By George Lin, Quantitative Modeling Lead at Santander.
George shares with us his insight into aligning stress testing and strategic planning teams for a more integrated approach to strengthen internal processes.
George, can you please tell the Risk Insights readers a little bit about yourself, your experiences and what your current professional focus is?
I am leading a PPNR model development team at Santander. I come from an engineering and economics background and have worked at multiple CCAR banks in model development. Prior to that, I held a variety of roles in that were all related to Finance in some aspect.
At the Stress Testing USA: CCAR & DFAST Congress, you delivered on your insights towards aligning stress testing and strategic planning teams. Why do you believe this is a key talking point and what do you think are the crucial things to remember?
Over the previous stress testing cycles, almost all of the large banks have built well organized stress testing practices, however these have remained siloed within an overall stress testing group, whether formally or informally. Regulatory feedback has always been that an integrated stress test is a key component of managing the risk in your business, however that is only one step in a multipart journey of bringing the stress test into BAU.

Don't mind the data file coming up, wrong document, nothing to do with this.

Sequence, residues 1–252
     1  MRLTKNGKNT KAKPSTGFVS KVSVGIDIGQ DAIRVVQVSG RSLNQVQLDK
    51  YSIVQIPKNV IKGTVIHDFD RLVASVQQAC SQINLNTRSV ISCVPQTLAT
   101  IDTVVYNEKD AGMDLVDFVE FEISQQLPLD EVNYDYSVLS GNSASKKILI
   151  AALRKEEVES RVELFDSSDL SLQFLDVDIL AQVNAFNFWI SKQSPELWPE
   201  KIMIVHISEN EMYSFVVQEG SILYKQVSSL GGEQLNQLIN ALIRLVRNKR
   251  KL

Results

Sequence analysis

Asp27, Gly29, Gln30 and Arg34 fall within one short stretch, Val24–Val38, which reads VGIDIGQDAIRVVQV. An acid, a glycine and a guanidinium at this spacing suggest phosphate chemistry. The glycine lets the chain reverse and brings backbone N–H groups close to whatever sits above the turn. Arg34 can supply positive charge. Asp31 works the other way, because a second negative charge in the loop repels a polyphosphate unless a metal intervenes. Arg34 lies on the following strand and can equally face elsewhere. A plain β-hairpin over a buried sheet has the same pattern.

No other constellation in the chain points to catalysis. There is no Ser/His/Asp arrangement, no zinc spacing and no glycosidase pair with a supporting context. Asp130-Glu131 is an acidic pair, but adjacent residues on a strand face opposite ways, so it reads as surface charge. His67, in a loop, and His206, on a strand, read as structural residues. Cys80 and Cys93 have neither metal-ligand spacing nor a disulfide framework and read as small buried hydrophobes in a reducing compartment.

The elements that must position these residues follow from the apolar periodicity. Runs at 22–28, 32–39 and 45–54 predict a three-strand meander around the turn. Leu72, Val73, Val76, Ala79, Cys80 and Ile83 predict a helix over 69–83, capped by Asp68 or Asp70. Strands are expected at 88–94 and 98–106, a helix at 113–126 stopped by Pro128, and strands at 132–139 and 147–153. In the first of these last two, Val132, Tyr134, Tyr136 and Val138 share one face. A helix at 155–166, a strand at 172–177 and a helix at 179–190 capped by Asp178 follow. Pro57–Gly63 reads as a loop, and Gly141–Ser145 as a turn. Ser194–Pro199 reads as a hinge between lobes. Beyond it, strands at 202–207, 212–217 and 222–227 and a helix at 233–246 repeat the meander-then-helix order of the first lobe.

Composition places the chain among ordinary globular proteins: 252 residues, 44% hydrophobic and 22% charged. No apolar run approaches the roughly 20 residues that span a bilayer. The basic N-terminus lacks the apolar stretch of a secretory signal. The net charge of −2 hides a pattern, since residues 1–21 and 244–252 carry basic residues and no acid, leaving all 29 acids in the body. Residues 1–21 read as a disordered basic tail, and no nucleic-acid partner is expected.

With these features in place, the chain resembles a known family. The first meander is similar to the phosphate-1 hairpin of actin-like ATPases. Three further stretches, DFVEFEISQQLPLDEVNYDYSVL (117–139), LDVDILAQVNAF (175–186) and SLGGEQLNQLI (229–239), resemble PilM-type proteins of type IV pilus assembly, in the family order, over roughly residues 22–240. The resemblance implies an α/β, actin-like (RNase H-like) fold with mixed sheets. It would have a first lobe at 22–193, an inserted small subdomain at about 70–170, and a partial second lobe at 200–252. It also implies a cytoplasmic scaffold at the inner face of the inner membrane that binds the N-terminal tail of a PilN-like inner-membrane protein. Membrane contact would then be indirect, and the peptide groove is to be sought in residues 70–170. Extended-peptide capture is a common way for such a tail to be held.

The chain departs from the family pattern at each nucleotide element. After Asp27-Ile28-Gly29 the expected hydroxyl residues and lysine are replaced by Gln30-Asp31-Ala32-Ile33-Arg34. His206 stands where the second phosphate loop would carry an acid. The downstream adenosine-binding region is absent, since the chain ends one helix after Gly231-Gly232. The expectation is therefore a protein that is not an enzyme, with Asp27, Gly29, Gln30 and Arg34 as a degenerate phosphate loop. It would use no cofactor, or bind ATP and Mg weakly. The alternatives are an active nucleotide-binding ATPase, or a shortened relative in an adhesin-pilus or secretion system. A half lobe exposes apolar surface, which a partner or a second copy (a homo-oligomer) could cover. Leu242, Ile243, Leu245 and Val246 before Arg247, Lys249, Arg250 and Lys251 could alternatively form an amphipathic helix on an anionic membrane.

Can you outline the key challenges that come when aligning the stress testing and planning perspectives? And how can you bring the two together?
Bringing together the stress testing and strategic planning has a great number of challenges that stem from the differing goals of each process. Forecasting in stress testing is inherently conservative, often taking into account the worst-case scenario. For strategic planning, you are looking more at an optimistic base case. For bringing the two together, a clear understanding of the underlying assumptions in each process is necessary to ensure that the projections are comparable.
What are the main organizational and logistical constraints holding institutions back from a more strategic collaboration between the two functions?
The key constraint is organizational, the strategic planning teams and the stress testing teams are often two separate parts of the organization. Aligning the timelines, methodologies, and priorities of these different teams requires buy-in from both the stress testing teams as well as the strategic planning team.
What, in your opinion does the future hold for stress testing professionals, and how can they keep up with the increasing changes in the industry?
The key message is that as stress testing methodology and processes have been maturing, there has been a push to incorporate them into the business as usual processes. This will only increase demand for stress testing professionals who will work at all levels of the organization.
Disclaimer: This article represents the views of the author(s) only, and does not necessarily represent the views or professional advice of Santander.